Indeed, the SEC summarized decades of court rulings in its favor: “Congress defined security broadly to embody a flexible rather than a static principle, one that is capable of adaptation to meet the countless and variable schemes devised by those who seek the use of the money of others on the promise of profits. Courts have found a variety of novel or unique investment vehicles to be investment contracts, including those involving orange groves, animal breeding programs, cattle embryos, mobile phones, enterprises that exist only on the Internet, and crypto assets.”
The SEC alleges that BNB tokens’ price could change depending on Binance’s efforts and fortunes, making it an enterprise with “vertical commonality.” It rejects Binance’s claims that the long-term performance of BNB is ultimately independent of Binance’s efforts.
Binance lawsuit involves vertical commonality
‘Vertical commonality’ exists when the fate of token holders is aligned with the fate of the leaders of the token. The ‘vertical enterprise’ for BNB involves token holders keeping the price high enough so that Binance executives can pay for development of the digital asset ecosystem, onboard new users through Binance.com, promote BNB through Binance’s platforms and marketing channels, and fund development initiatives for BNB’s blockchain.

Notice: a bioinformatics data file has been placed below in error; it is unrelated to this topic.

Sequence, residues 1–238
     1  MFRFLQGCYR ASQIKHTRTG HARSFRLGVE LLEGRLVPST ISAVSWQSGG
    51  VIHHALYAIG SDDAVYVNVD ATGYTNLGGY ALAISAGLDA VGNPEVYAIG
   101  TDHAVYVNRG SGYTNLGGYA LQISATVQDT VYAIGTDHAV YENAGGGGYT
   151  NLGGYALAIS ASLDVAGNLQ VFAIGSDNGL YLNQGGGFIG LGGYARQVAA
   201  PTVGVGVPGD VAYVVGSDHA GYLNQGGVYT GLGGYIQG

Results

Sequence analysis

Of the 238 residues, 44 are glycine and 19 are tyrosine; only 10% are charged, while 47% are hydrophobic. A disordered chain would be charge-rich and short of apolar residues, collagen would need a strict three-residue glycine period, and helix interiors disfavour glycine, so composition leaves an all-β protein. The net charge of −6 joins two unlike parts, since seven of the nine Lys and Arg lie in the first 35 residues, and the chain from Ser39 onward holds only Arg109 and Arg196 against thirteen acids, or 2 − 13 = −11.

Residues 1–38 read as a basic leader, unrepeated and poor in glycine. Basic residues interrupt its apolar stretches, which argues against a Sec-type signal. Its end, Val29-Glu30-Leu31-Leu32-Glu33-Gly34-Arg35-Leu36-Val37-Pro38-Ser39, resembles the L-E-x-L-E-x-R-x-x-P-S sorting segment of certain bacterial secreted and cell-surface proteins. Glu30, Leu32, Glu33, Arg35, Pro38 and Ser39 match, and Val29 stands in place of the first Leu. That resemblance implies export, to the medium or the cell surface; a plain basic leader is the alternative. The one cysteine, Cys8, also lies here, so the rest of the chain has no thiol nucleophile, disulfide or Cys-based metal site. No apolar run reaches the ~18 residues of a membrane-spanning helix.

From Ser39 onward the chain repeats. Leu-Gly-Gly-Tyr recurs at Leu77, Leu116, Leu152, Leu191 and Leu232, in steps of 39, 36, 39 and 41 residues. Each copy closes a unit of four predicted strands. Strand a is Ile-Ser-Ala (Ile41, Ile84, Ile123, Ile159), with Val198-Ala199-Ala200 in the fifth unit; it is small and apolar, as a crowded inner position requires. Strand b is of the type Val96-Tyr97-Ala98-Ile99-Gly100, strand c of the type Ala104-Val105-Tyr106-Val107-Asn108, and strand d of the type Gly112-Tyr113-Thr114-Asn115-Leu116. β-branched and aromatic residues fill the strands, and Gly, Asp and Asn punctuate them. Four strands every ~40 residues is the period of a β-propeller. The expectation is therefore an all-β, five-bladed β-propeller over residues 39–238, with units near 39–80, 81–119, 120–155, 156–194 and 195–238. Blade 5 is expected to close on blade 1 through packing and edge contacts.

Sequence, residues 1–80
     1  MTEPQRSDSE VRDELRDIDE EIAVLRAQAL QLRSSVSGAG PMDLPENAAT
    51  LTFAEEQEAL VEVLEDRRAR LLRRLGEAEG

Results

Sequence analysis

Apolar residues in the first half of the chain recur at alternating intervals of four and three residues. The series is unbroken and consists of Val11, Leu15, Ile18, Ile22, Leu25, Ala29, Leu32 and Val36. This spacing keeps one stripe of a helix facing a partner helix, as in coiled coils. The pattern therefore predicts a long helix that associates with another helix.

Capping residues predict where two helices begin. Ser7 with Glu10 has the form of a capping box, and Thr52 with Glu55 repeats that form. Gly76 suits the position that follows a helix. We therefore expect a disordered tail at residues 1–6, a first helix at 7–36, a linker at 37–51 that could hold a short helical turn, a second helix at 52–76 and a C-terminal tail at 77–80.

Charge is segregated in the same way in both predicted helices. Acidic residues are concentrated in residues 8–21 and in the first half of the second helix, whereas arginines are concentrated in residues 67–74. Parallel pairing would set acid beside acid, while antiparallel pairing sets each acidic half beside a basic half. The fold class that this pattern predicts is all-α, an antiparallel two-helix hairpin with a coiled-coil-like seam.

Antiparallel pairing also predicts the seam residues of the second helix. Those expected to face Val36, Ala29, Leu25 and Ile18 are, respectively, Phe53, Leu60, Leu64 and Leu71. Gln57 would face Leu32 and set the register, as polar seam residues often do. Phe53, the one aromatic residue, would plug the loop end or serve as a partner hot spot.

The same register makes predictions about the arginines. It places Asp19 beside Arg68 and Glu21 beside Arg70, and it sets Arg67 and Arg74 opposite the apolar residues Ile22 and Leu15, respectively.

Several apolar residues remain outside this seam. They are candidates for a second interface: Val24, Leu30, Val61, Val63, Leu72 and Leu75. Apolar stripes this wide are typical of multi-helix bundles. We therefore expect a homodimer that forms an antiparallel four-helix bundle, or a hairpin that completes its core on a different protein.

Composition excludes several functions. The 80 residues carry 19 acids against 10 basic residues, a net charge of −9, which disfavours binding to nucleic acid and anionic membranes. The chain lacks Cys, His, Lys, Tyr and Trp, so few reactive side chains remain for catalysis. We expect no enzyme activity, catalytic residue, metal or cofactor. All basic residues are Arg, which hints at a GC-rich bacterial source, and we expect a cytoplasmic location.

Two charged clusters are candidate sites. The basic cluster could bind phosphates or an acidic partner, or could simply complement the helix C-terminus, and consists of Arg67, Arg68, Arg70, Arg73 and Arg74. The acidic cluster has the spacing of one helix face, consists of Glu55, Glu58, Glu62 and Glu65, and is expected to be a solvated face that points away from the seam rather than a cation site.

In this way, all of Binance executives’ efforts are perfectly financially aligned with retail BNB token holders. Indeed, Binance executives are themselves the biggest BNB token holders. As a result, all BNB token holders share vertical commonality with Binance executives.
The SEC cited the BitConnect case, in which a court ruled that the BitConnect “platform itself was the common enterprise.” In BitConnect, members had vertical commonality; the value of the BitConnect token (BCC) depended on the aligned efforts of BCC token holders and promoters.
Preorders on Kickstarter are not securities